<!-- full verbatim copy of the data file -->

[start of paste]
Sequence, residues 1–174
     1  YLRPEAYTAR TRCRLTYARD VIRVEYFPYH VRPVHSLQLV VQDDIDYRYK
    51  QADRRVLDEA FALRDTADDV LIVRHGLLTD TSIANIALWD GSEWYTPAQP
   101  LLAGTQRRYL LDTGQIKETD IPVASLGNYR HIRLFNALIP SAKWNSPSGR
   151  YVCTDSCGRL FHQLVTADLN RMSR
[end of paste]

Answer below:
Sequence, residues 1–174
     1  YLRPEAYTAR TRCRLTYARD VIRVEYFPYH VRPVHSLQLV VQDDIDYRYK
    51  QADRRVLDEA FALRDTADDV LIVRHGLLTD TSIANIALWD GSEWYTPAQP
   101  LLAGTQRRYL LDTGQIKETD IPVASLGNYR HIRLFNALIP SAKWNSPSGR
   151  YVCTDSCGRL FHQLVTADLN RMSR